Jena Malone Anchors Compelling, Uneven Religious Horror

Mar 4, 2023

Home Movie Reviews Consecration Review: Jena Malone Anchors Compelling, Uneven Religious Horror

As bloodied and haunted as it gets, Consecration is a somewhat satisfying journey because Smith and Cook’s script understands Grace is the anchor.

Jena Malone in Consecration

Christopher Smith’s Consecration has a plot that one could deem simple, but simple narratives are deceptively hard to pull off in horror. Smith and Laurie Cook’s script is layered with a mystery intertwined with supernatural and psychological drama. Their story is ambitiously attempting to tackle the darkness that surrounds the Church and exists within its characters. Unforgiving nuns and suspicious priests aren’t things that exist solely in horror, but Smith & Cook certainly lean into the unholy mythology of the Church that has been building for ages within the genre as well as real life. Ultimately, the tale is about one woman’s mission for the truth. As bloodied and haunted as Jena Malone’s character gets, Consecration is a somewhat satisfying journey because Smith and Cook’s script understands Grace is the anchor.

The film follows Grace (Jena Malone), an optometrist who identifies as an atheist. While she favors science and logic, her brother turned to religion to become a priest in a Scottish convent. When her brother seemingly commits suicide, Grace is compelled by her skepticism and dark visions to investigate his death, only to be met with resistance by the cold and cult-like behavior of the nuns. Evasiveness and distrust arise as tactics, but Grace will find that there is something very unholy at work.

Related: Consecration Clip Sees A Religious Debate Over Jena Malone’s Fate [EXCLUSIVE]

Jena Malone in Consecration

Malone is an actress who has shunned popular trends and opted for smaller, interesting projects that challenge her rather than propel her to super stardom. After her turn in blockbusters such as Sucker Punch and The Hunger Games: Catching Fire, her path seemed set, but years later she’s back with an under-the-radar title. Consecration does well enough to solidify its scathing message on the Church without losing sight of the personal journey Grace embarks on. Malone is bold and effective as the lead, with a performance that asks her to be a vulnerable sister, a skeptic, a detective, and the traditional woman trapped in a sinister game. Despite a shaky accent – shocking, considering her stellar accent in Pride & Prejudice – Malone offers a sturdy and compelling performance that keeps audiences engaged throughout the nearly two-hour runtime.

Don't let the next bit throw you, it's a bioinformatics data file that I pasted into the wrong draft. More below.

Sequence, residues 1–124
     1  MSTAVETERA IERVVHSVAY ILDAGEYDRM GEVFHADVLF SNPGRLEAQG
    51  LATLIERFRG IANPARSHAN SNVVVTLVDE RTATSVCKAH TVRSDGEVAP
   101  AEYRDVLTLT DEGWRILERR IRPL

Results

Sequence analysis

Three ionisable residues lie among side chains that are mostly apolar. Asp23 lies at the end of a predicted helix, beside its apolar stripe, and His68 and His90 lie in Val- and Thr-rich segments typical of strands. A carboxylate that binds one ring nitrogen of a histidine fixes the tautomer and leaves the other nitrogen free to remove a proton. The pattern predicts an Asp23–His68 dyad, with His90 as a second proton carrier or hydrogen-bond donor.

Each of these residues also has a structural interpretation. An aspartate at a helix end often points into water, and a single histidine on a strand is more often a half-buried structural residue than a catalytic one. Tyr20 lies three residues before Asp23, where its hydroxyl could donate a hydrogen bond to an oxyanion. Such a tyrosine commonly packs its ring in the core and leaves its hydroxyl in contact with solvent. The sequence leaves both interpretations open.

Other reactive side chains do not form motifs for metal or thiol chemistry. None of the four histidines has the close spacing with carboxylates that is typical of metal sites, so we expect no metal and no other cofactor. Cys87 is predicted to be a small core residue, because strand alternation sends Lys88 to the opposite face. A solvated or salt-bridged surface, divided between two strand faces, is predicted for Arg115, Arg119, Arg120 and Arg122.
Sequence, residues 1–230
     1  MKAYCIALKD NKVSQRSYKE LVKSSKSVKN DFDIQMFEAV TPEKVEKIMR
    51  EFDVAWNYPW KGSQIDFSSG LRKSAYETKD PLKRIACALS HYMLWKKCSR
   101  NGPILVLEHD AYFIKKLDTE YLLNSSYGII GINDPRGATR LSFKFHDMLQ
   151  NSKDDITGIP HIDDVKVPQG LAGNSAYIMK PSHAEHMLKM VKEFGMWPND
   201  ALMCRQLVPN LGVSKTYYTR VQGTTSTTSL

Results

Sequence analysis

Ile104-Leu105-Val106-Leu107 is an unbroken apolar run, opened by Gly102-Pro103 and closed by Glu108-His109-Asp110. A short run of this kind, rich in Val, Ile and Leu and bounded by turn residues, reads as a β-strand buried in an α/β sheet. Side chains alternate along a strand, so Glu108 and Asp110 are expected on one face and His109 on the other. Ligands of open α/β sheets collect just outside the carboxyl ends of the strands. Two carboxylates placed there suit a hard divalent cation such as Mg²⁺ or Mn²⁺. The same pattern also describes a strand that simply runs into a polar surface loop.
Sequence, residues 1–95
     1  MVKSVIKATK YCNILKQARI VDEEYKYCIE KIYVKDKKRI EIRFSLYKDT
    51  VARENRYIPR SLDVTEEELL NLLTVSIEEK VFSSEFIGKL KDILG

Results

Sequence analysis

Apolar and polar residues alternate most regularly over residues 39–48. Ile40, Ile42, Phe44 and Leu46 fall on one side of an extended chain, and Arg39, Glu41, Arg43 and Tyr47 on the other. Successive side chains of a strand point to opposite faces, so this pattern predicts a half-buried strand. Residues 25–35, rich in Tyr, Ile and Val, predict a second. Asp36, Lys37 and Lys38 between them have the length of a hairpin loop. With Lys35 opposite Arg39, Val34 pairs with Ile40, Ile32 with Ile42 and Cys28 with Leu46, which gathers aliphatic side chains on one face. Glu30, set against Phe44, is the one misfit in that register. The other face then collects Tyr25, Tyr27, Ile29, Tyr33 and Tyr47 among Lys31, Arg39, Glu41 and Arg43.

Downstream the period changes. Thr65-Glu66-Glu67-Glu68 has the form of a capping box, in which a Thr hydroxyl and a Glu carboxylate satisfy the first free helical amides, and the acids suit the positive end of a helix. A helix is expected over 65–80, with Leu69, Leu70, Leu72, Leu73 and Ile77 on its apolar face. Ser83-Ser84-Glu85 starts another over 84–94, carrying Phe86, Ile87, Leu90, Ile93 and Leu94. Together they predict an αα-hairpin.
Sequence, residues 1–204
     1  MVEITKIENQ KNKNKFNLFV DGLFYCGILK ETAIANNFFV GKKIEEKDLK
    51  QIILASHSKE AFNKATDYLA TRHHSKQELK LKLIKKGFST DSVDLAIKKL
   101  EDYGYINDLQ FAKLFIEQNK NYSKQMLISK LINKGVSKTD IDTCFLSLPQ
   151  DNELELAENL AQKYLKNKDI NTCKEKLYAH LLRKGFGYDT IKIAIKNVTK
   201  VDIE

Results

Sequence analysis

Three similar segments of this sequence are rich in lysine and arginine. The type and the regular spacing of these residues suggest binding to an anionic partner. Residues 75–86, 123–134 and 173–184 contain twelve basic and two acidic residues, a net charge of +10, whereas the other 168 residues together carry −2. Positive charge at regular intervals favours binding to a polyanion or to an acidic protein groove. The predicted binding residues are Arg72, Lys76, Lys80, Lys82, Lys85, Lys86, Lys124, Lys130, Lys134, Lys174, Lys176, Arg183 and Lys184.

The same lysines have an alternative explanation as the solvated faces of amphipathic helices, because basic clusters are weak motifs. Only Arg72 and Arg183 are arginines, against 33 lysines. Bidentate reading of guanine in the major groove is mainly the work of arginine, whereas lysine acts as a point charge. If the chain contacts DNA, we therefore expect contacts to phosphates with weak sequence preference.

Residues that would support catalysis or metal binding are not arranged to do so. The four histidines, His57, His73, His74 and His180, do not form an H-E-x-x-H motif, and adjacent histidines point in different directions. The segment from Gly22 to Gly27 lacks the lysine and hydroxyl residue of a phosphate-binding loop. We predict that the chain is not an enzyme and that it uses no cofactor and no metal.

On paper, the film is complex, engaging, and deeply troubling. However, the technical execution is lacking. There are a few good scares, but Smith can’t quite capture the story’s terror beyond Rob Hart and Shaun Mone’s grim and spooky cinematography. The tactics deployed are a bit too basic for a story as ambitious as this. However, a few of Smith’s camera techniques perfectly capture the dread and anxiety of Grace’s journey perfectly. There is some evidence that Smith is referencing horror history, but that rarely improves the film and is merely just an interesting detail. The runtime could have been trimmed to tighten the story, giving it a brisk pace, which could have also helped the sense of danger in Grace’s story.

Danny Huston in Consecration

Consecration is not a total miss, but the ineffective scares bring down the enjoyment. Momentum is quickly lost throughout the movie. Despite a very compelling setup that blends the supernatural horror and the genuine villainous nature of the Church, Consecration doesn’t quite find its footing. An eerie atmosphere and a strong lead performance can carry the movie far enough until it deflates under the pressure of expectations. If viewers are interested in a new horror, Consecration is hardly a waste, but in the pantheon of Church-based horrors, it doesn’t rank too high.

Next: Knock At The Cabin Review: Shyamalan Delivers Thought-Provoking, Intense Horror

Consecration opened in theaters on Friday, February 10. It is 90 minutes long and rated R for action/violence throughout and brief language.

Disclaimer: This story is auto-aggregated by a computer program and has not been created or edited by filmibee.
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